Tag Archives: image manipulation

Final presentation for AHA4096 Photography for Educators

Renaissance Photoshop Project from KarenBlumberg

I try to take a course every semester at Teachers College. This is because it’s one of the best perks of being an employee of Columbia University, I like continually developing myself as a professional, and it’s fun to learn new things. This semester, I’m taking Photography for Educators with Sean Justice.

Besides taking, organizing, editing,and printing photos, we set for ourselves a few semester-long goals. I had five:

1. To fine-tune an integrated project joining conversations about Renaissance art, Art History, and media literacy. This project incorporated discussions about the history of image manipulation starting with how painted portraits were idealized versions of the subject and also how photographs were manipulated early on even before Photoshop. We also talk about ownership of da Vinci’s Mona Lisa, which is not under copyright, and variations of the Mona Lisa by other artists which are under copyright (and variations about copyright based on country of origin). We discuss Shepard Fairey’s Hope poster in depth to encourage students to think about ownership, fair use, copyright, licensing, and attribution. And throughout it all, we teach 6th graders how to use basic tools in Photoshop (the eraser, selection, opacity, paint, eyedropper, magic wand, etc.) to alter a Renaissance painting.

2. To share my passion (soap box) for being ethical online. Hence, I shared a slide show about how to search and cite Creative Commons-licensed media (License to Cull). Also to encourage people to look at the Terms and Conditions of websites and apps, and to consider where they put their work (is it public or less public, do you own it still or are you offering your work up freely to websites and not paying attention to how your work is being used).

3. To share my Flickr stream and think about ways to use Flickr groups to build community. I set up a group AHA4096 and had hoped to have people connect with each other and each other’s photos in a shared space.

4. To impress upon teachers the importance of gathering a portfolio of their work via a blog or website. Thus, I’m housing my slideshow at Slideshare.net, and embedding it here at the top of this post. I treat this site as a museum of my work, rather than a warehouse where I house all my stuff (like my Google Drive).

5. To learn some awesome new tips and tricks for using Photoshop. I learned how to crop, set guidelines, and format my stuff for printing. I’m a big fan of straight-out-of-camera photography. Up until now, I rarely edited or printed my photos. This class really opened up my eyes to other possibilities besides shooting and sharing on Flickr.

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“Image Manipulation” slideshow used to launch our 6th grade Renaissance Photoshop project

Katelin O’Hare and I are meeting with the 6th grade Art classes this week to introduce our Renaissance Photoshop project where students locate a Renaissance painting and layer themselves into it. In the past we’ve used Dove’s Evolution of Beauty campaign video to kick-off a discussion about image manipulation. This year, I gathered examples from additional resources, news stories, and ad campaigns.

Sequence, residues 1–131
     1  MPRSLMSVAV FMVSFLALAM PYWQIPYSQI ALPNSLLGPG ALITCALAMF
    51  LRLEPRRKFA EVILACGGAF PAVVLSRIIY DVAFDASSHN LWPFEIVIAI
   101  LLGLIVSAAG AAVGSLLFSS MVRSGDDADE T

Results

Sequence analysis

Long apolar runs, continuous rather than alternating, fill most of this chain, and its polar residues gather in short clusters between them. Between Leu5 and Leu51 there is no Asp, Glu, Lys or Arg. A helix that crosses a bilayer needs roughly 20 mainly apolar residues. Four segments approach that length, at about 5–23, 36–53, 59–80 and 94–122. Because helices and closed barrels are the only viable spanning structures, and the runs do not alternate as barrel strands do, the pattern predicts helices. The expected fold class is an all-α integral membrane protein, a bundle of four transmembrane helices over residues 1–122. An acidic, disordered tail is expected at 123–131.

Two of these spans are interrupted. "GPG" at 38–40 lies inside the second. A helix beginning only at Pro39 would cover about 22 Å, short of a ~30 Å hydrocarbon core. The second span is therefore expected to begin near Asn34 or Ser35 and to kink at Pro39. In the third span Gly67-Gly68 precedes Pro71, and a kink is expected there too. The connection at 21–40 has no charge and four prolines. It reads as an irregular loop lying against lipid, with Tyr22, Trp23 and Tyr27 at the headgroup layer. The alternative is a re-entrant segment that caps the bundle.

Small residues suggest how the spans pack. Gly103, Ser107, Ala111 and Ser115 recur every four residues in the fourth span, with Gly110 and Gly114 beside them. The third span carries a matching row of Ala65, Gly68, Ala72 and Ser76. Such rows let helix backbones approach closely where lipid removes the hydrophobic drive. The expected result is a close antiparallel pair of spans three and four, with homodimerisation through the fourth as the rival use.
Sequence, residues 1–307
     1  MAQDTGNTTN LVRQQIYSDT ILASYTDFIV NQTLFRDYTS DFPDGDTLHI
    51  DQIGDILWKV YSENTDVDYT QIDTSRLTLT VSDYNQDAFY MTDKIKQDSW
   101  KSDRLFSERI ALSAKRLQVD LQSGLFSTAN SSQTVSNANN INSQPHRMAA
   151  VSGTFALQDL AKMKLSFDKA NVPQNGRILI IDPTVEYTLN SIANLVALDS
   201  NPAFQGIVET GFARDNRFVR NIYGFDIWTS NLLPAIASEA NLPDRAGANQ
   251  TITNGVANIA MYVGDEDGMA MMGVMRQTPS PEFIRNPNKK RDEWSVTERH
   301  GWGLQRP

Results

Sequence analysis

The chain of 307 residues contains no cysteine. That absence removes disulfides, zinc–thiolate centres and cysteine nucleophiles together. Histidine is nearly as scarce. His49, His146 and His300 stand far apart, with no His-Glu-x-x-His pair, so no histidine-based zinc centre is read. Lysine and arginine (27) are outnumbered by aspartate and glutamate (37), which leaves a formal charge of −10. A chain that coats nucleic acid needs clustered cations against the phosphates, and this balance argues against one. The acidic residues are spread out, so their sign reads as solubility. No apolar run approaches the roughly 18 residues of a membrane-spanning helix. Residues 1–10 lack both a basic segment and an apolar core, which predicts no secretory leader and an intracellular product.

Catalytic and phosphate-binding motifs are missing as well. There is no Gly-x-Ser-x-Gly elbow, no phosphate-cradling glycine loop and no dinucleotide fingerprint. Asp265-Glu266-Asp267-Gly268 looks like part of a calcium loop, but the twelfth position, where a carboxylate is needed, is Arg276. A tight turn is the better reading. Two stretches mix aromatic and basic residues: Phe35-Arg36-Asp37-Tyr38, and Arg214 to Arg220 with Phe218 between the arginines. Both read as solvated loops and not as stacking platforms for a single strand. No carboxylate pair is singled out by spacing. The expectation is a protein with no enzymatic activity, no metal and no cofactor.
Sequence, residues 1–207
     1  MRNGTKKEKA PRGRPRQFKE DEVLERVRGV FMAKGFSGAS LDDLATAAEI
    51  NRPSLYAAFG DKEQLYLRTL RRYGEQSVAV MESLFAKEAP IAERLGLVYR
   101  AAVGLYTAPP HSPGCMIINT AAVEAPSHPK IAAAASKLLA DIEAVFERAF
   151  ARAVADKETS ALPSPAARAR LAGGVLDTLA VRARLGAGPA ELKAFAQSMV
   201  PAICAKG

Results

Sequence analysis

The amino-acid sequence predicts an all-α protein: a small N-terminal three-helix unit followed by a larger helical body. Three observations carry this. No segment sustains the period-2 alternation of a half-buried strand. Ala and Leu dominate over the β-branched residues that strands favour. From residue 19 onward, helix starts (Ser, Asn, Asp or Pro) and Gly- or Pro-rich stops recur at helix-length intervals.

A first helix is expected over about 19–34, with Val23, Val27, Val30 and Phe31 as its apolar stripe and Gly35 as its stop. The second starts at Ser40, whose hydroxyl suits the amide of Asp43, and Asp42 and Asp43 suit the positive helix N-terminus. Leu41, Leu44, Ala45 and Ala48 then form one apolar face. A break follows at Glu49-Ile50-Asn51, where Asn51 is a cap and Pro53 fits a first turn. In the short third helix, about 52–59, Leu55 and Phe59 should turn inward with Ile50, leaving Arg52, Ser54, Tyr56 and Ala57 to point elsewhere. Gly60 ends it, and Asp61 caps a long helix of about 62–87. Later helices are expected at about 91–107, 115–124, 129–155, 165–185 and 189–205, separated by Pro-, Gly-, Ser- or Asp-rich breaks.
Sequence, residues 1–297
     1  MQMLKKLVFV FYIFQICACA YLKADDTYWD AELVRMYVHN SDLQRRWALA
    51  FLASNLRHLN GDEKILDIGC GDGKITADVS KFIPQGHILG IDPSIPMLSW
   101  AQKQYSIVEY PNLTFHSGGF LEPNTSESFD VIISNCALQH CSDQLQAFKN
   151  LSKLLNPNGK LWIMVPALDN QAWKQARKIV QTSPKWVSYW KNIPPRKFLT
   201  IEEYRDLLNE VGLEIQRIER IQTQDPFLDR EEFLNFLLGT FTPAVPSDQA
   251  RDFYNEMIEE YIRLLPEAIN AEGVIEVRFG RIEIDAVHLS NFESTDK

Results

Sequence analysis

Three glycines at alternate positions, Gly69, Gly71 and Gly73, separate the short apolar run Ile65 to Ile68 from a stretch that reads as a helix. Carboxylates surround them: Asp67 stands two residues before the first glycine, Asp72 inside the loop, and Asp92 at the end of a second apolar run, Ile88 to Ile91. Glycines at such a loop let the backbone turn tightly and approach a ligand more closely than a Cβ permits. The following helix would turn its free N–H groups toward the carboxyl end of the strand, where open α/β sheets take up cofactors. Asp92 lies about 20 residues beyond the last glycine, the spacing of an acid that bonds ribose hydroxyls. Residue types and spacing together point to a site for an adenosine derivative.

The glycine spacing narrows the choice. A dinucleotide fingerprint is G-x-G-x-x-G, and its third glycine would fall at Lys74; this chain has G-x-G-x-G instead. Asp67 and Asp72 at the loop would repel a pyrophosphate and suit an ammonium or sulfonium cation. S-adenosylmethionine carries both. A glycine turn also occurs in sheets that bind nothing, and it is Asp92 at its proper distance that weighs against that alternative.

Three noted moments from the ensuing conversation:
1. When looking at examples of image manipulation in advertising and fashion magazines, one 6th grader came up with the analogy: “Photoshop is to models what steroids is to athletes.” This spawned a really interesting discussion.
2. When asked where they should start their search for images of Renaissance paintings to use for their project (before we introduced Artstor), many students called out Google! One child then piped in, “The problem with Google, is that you don’t know if the images you locate will be an authentic image or an altered one.”
3. When asked why Artstor rightfully charges for a subscription to their amazing digital repository of art, one child said it was because, “They take really big photos of paintings and then host them on their computers and let us download them. It’s like iTunes for artwork. That costs money.”

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Readying for our annual Renaissance #Photoshop project

I had a great planning meeting with Katelin O’Hare (maternity leave replacement for Eleana Pellegrino) about our upcoming Renaissance Photoshop project. We are going to use a couple of specific images from particular websites to introduce a discussion of “image manipulation throughout the ages.”

Essentially, every image/portrait/painting/photograph is manipulated to some extent, as in the portrait of Abraham Lincoln (below) pairing his head with John Calhoun’s body:

Even one of the earliest daguerreotypes is of a busy urban street scene rendered almost sleepy-looking since the long exposure cancelled the pedestrian and carriage traffic save for the lone shoe-shine guy in the bottom left:

I love these composites of historical scenes blended with modern photos:


(Taken from http://www.petapixel.com/2013/04/02/photos-of-modern-day-locations-blended-with-shots-of-major-historical-events)

I also want to share the 1982 scandal of National Geographic moving the pyramids to fit in the vertical frame of their cover:

and this composite from the LA Times:

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